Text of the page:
On May 2nd, 2019, a special assembly of scholars from China visited the University of Chicago to honor their former teacher Fei Xiaotong (Hsiao-Tung, 1910-2005), a renowned Chinese sociologist and anthropologist who’s early works, Peasant Life in China (1939), From the Soil (1947/1993), Earthbound China (1945) and China’s Gentry (1945), are widely known at home and abroad. Professor Fei has also pioneered the methods of local people doing fieldwork in their own home environments and has made influential academic contributions in the study on “cultural self-consciousness” in the context of globalization. However, his many later works have dialed to be systematically introduced to the English-speaking world. For decades, Professor Fei’s disciples (PhD students or Postdoctoral researchers) have built on different aspects of his academic legacy and have developed their own research of “humanity and habits” in China, Japan, India, Middle East, Europe and the United States. Professor Fei’s disciples have now come to UChicago to follow in his footsteps in visits to the U.S. and United Kingdom for academic exchanges between Chinese and non-Chinese scholars, that will deepen and widen existing research.
The scholars were excited to trace Prof. Fei Xiaotong’s rich history of scholarly collaboration with the University of Chicago, beginning with their visit to the Special Collections Research Center in the Regenstein Library. Where they viewed papers, notes and gifts that document his travels and the correspondence between Prof. Fei Xiaotong and Margaret Park Redfield, a longtime friend and English translator of China’s Gentry (1945). This gave the delegates a great opportunity to view some original copies of Prof. Fei Xiaotong’s work, as well as the many photos taken when Prof. Xiaotong and his family visited the Redfield family in the U.S. Allowing Mr. Zhang Zhe, a member of the delegation and the only grandson of Prof. Fei Xiaotong, the chance to view photos of his family that he’s never seen.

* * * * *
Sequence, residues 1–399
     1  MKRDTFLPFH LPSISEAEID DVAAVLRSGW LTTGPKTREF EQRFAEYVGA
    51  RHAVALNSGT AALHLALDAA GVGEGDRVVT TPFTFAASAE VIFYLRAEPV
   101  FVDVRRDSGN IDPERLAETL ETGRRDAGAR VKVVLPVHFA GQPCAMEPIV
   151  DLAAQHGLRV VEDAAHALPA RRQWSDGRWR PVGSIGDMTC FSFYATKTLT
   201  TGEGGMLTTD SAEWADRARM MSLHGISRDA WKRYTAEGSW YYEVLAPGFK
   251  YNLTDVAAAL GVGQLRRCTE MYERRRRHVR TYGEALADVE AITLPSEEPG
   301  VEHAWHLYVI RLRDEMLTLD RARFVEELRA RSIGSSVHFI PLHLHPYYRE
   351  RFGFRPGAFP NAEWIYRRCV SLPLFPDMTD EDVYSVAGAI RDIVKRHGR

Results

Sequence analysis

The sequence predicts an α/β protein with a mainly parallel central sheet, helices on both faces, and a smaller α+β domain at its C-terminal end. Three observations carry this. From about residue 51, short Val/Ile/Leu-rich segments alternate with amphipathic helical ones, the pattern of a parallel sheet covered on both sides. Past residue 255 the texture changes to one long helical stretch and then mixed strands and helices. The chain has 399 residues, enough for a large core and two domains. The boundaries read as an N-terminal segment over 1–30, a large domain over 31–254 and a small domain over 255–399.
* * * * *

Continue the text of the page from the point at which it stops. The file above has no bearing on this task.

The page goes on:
After the library visit, the delegation eagerly spoke with Professor James M. Redfield, son of Margaret Park Redfield, who told stories of his experience when his family meet with Prof. Fei Xiaotong’s family in Beijing. Astoundingly, the Redfield family flew out on the very last plane allowed to fly to the Chinese region at the time. Prof. James Redfield also showed the delegation a sentimental portrait of his father Professor Robert Park, a sociologist and long collaborator of Fei Xiaotong that studied under UChicago Lab school founder John Dewey.
The delegation left Prof. Redfield’s office, and was treated to a tour before participating in roundtable event, hosted by the Center for Eastern Studies, to present and receive on comments on their research in context to “Human Nature and Habits.” There were may faculty and students in attendance that expressed they were deeply humbled to be a part of this historical event and felt inspired to further collaborations with the progeny of Prof. Fei Xiaotong’s legacy. Emblematic of Prof. Fei Xiaotong’s studies, this multicultural event represents the benefits of multicultural convergence and the potential to construct human knowledge on anthropology and sociology on a global scale.
Following the roundtable event, the delegation had a private meeting with Professor Marshall Sahlins, an America anthropologist known for his work in the Pacific, where they continued their discussion of academic exchange while also exchanging appreciative gifts.
The disciples properly concluded their time on the UChicago campus by attending the opening reception of the Centennial Colloquium on [John] Dewey and participating in the Arts of Dewey’s Experience workshop. Where they reflected on John Dewey’s role in education and his relevance in China.
After the delegation’s departure, Saul Thomas, a UChicago graduate student that attended the roundtable, informed the Center for East Asian Studies of a book he bought at the library many years ago with an inscription saying this book is a gift from Robert Park to “Hsiao-Tung Fei”. Followed by a long inscription in Chinese signed 孝通. He is very enthused to share this gift with Professor Fei’s disciples and wishes to share this treasure (see
below) with them in Beijing, China.
UChicago Global would like to thank everyone for their time and investment in this event. We hope that Professor Fei’s disciples and the UChicago community had a fruitful experience that was filled with both nostalgia and anticipation for the future partnerships that will globalize their work.